As the national volunteering development agency, we were very alarmed by the tone of the article 'Criminal checks fail to exclude staff', and the related editorial in a recent issue of HSJ. There appeared to be little understanding of vetting procedures, Criminal Record Bureau guidelines or accepted good practice in balancing the safety of vulnerable people with the right of ex-offenders to integrate back into society.
The editorial referred to applicants 'failing' CRB checks. There is no such thing. CRB checks reflect information, which is.used by responsible recruiters to make a decision on whether or not a potential employee or volunteer is suitable. Why should a minor offence in a person's past bar them from contributing to our public services? As one in four people have a criminal record, it would be an ill-thought through recruitment policy that instantly discounted a quarter of potential staff. In any case, CRB checks are merely one element of a broader professional approach to safe involvement of volunteers and paid staff with vulnerable service users.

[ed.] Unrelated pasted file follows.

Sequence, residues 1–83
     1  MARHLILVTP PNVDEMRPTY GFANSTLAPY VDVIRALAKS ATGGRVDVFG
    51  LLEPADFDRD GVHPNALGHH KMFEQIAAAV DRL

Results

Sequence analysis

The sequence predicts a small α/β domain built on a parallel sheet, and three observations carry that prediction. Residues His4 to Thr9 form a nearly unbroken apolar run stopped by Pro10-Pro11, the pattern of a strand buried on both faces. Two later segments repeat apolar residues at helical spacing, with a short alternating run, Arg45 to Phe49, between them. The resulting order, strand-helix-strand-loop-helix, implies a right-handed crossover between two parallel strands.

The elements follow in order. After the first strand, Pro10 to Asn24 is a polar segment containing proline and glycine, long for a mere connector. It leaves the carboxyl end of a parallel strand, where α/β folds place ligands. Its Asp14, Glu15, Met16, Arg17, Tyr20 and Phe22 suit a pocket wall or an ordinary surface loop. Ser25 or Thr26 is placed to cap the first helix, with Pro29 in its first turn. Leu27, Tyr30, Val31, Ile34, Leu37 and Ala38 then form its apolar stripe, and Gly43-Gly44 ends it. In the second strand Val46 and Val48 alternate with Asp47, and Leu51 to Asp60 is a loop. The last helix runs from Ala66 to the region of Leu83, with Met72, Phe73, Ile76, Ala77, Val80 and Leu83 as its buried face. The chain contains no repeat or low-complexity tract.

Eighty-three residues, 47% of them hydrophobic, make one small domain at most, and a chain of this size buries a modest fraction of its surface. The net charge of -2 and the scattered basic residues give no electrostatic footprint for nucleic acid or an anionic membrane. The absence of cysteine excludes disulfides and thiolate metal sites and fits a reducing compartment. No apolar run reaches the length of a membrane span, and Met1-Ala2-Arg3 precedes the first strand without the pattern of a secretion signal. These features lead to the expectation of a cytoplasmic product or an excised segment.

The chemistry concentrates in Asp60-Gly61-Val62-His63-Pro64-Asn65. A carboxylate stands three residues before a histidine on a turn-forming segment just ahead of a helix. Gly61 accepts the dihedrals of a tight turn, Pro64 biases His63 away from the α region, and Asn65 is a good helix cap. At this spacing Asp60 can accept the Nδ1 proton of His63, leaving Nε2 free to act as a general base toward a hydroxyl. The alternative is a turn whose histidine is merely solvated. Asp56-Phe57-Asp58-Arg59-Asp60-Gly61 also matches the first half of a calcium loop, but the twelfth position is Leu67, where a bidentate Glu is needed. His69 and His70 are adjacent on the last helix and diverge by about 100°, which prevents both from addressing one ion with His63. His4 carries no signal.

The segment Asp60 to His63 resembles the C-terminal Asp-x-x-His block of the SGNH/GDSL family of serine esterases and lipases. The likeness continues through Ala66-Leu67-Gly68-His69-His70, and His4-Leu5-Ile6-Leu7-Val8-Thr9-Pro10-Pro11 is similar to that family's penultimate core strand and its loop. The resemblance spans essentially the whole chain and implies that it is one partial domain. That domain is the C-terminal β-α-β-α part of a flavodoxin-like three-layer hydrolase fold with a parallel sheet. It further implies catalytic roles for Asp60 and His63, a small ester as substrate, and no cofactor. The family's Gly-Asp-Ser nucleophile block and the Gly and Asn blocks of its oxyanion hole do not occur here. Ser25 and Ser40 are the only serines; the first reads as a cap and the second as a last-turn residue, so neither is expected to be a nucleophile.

Volunteering is a perfect way for ex-offenders to take control of their own rehabilitation. It is a way of giving something back to the community, gaining self-confidence, and proving oneself to future employers. We would be very concerned to see routes to volunteering cut off by ill-informed comments. Any organisation interested in further guidance on involving ex-offenders as volunteers should visit the Volunteering England website at www.volunteering.org.uk, or call our volunteer management helpline on 0800 028 3304.
Mark Restall is head of information at Volunteering England.